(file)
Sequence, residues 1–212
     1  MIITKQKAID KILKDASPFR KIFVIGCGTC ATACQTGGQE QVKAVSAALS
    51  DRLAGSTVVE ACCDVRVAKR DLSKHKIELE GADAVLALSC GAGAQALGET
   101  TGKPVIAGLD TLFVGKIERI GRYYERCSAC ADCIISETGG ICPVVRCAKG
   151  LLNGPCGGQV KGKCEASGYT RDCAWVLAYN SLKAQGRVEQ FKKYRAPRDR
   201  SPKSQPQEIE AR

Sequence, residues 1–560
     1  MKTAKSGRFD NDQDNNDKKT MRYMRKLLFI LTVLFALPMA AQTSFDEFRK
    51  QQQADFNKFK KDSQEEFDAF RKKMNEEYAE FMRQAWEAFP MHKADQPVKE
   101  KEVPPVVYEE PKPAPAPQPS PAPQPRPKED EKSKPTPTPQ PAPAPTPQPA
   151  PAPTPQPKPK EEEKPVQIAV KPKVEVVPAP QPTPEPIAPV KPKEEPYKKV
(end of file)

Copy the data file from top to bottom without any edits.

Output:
Sequence, residues 1–212
     1  MIITKQKAID KILKDASPFR KIFVIGCGTC ATACQTGGQE QVKAVSAALS
    51  DRLAGSTVVE ACCDVRVAKR DLSKHKIELE GADAVLALSC GAGAQALGET
   101  TGKPVIAGLD TLFVGKIERI GRYYERCSAC ADCIISETGG ICPVVRCAKG
   151  LLNGPCGGQV KGKCEASGYT RDCAWVLAYN SLKAQGRVEQ FKKYRAPRDR
   201  SPKSQPQEIE AR

Sequence, residues 1–560
     1  MKTAKSGRFD NDQDNNDKKT MRYMRKLLFI LTVLFALPMA AQTSFDEFRK
    51  QQQADFNKFK KDSQEEFDAF RKKMNEEYAE FMRQAWEAFP MHKADQPVKE
   101  KEVPPVVYEE PKPAPAPQPS PAPQPRPKED EKSKPTPTPQ PAPAPTPQPA
   151  PAPTPQPKPK EEEKPVQIAV KPKVEVVPAP QPTPEPIAPV KPKEEPYKKV